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Chinese Anabaptist Network seeks regional fellowship


Church leaders met in Hong Kong to form the unofficially named “Chinese Anabaptist Network.”  Front: Sheldon Sawatzky (Taiwan), Susan Poon (Macau), Crystal Lee (Hong Kong), Treasure Chow (Macau), Bailey Chow (Macau), Ying Hongtao (China), Yao Xiyi (Hong Kong), Jeremiah Choi (Hong Kong), Alde Wong (Hong Kong), C.K. Fu (Hong Kong). Back:  Marietta Sawatzky (Taiwan), Tobia Veith (Macau), George Veith (Macau), Gordon Janzen (Canada), John Lapp (USA), Jeanette Hanson (China).

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January 21, 2010
-Gordon Janzen

Hong Kong, CHINA. — Another Anabaptist network is taking shape – this time in East Asia. The unofficially named “Chinese Anabaptist Network” joins similar Anabaptist and Mennonite networks and centres in United Kingdom, France, South Africa, and Korea, among others.

Sixteen representatives from Mennonite churches and organizations in Taiwan, Hong Kong, Macau and China, and representatives of North American Mennonite mission bodies, met at Grace Mennonite Church in Hong Kong on Nov. 23, 2010 to explore how to develop stronger relationships. They affirmed Mennonite Church Canada workers George and Tobia Veith as facilitators for the new network. 

For several decades Mennonite churches have taken root in Taiwan and Hong Kong and more recently in Macau, but connections among these churches have been limited.  The Fellowship of Mennonite Churches in Taiwan (FOMCIT) is the largest Mennonite body in the region with 21 congregations, followed by the Conference of Mennonite Churches in Hong Kong (CMCHK) with a three churches.  The Mennonite Church in Macau is the only Mennonite congregation in that city.

While no identifiable Mennonite church exists in mainland China, Mennonites have had a presence there since the 1980s, building relationships with existing churches and believers through Mennonite Partners in China (MPC, formerly China Educational Exchange). 

Jeanette Hanson, a Mennonite Church Canada worker in Chengdu, and Hongtao Yin, MPC’s church relations coordinator in Beijing, shared stories about Mennonite connections to one group of pastors who are part of the officially recognized national church, the Three-Self Church.  Hanson reported that these pastors expressed a desire for ongoing and growing connections with Mennonites.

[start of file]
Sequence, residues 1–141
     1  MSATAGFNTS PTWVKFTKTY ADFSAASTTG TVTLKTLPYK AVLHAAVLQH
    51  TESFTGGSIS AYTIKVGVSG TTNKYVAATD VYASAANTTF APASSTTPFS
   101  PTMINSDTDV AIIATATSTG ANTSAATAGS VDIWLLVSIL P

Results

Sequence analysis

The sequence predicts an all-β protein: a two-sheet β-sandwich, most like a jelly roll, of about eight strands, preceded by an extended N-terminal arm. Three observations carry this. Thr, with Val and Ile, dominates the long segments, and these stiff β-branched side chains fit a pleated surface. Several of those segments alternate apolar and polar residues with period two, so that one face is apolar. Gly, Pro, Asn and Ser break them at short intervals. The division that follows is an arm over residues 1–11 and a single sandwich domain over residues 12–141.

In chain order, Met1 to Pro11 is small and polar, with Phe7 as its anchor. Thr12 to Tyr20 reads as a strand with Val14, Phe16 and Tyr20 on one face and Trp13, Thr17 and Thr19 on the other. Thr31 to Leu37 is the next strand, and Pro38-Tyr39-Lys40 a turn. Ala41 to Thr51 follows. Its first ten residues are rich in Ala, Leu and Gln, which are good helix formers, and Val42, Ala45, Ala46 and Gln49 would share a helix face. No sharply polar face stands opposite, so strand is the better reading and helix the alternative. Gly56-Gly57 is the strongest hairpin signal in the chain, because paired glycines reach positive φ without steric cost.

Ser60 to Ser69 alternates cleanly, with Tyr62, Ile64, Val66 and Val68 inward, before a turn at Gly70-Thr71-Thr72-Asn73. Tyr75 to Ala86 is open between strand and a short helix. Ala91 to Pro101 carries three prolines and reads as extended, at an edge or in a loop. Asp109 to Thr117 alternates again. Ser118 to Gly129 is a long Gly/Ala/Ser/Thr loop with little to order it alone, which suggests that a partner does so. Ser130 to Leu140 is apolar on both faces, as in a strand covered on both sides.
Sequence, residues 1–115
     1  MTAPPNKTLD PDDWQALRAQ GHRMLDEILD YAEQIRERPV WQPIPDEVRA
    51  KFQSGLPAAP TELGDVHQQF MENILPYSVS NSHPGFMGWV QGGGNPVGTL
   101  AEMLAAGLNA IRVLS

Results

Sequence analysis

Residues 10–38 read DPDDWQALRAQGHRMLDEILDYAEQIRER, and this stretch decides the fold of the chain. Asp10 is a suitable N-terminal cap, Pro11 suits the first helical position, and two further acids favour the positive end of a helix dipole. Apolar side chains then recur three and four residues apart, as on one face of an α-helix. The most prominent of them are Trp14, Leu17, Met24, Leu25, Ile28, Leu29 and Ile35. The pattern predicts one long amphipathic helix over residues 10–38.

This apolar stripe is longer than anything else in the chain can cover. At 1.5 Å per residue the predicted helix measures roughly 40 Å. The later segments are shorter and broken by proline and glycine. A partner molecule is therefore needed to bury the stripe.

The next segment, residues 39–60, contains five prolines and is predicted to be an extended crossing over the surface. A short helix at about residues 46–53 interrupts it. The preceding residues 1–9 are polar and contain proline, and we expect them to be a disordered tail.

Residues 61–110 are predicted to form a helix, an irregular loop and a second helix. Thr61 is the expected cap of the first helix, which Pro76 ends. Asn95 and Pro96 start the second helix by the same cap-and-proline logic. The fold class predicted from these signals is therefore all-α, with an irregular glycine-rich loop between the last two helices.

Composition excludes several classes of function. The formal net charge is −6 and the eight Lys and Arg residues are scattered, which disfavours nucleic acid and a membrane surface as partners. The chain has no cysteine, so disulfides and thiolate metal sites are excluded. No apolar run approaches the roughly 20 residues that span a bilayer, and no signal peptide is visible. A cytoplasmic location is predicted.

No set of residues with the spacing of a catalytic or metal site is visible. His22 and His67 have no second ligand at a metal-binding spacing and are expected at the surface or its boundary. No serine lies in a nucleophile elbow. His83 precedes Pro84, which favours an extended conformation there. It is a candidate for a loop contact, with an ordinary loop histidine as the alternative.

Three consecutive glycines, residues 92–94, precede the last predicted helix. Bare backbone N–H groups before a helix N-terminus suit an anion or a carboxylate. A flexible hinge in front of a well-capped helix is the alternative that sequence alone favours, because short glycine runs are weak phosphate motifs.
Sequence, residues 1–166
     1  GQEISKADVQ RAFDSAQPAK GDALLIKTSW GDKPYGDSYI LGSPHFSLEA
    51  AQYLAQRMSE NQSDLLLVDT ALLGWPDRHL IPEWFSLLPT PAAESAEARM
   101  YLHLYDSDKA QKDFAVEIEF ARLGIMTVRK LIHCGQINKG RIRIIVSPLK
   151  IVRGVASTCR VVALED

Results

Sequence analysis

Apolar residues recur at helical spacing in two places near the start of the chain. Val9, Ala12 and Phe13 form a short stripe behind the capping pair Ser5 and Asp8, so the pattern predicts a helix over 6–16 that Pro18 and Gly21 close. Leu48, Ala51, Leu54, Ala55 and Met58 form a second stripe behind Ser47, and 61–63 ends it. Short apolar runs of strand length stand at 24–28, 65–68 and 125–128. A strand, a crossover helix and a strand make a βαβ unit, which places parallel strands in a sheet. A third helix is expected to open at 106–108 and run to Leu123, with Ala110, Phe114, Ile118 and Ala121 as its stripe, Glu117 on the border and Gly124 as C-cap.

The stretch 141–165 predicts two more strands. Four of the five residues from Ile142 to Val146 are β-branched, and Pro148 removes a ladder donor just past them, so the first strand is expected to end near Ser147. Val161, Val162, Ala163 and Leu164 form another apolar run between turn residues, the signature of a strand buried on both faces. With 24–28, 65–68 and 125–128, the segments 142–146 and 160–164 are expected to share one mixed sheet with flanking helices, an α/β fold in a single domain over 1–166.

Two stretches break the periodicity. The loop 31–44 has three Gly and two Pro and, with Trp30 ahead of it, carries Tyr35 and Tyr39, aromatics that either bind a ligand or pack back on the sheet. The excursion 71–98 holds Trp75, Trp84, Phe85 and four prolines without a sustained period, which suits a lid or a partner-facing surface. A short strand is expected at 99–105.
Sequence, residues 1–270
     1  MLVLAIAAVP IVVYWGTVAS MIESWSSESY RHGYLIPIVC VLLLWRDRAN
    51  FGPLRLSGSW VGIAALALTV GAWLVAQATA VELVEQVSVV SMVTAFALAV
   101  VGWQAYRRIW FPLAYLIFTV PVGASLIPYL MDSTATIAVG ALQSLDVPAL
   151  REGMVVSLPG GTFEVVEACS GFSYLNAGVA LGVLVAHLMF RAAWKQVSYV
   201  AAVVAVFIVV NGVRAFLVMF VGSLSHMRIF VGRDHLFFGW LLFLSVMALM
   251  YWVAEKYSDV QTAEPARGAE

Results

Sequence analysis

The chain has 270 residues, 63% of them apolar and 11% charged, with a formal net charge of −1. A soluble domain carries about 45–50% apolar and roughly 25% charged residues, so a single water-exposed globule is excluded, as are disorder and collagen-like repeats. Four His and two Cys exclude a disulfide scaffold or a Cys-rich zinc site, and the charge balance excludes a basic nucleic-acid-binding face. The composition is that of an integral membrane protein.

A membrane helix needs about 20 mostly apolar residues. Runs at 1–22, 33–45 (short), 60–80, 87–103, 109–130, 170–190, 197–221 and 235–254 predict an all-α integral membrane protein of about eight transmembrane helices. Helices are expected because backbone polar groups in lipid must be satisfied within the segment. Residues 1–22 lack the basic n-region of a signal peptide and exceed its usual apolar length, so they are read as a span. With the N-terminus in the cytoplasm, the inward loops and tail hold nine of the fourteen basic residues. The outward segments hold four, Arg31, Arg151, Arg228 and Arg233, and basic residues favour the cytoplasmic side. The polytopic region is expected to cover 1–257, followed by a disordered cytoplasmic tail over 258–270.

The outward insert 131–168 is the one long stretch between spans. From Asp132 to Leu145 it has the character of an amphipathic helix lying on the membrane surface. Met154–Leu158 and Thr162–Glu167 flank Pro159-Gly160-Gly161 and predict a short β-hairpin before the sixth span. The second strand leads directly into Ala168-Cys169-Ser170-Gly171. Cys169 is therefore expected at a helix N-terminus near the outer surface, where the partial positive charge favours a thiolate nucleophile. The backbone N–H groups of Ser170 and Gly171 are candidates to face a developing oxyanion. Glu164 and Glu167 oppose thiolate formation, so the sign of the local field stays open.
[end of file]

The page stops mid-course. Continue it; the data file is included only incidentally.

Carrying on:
“They are not affiliated with any Western denomination, but you could say that much of their theology and way of doing church is very Anabaptist,” Hanson pointed out. Their congregations maintain a strong emphasis on servant leadership, outreach and service.

Chinese language Anabaptist resources topped a list identifying needs among Mennonite churches in the new network.  Participants agreed that a list of available resources, from books and Sunday School items to audio visual materials, would be shared through a future website.  The group expressed a desire for regular interaction and agreed the new network should meet annually.

Alde Wong, pastor of Grace Mennonite Church in Hong Kong appreciated the opportunity together with her peers. “I learned from the process about how Mennonites from different countries can cooperate.  This was a very good opportunity for fellowship and for future cooperation.”

 “I believe an exciting web of possibilities and connections will emerge,” Tobia Veith said. “We are privileged to live in the region and serve to facilitate these rich connections.”

A similar inter-Mennonite consultation was held in 2006 in Macau. Sheldon Sawatzky, current FOMCIT General Secretary and former Asia Director for Mennonite Mission Network noted, “This time we have the advantage of having someone [George and Tobia Veith] available to help coordinate things for our network.” 

The next meeting of the Chinese Anabaptist Network is planned for November 2011.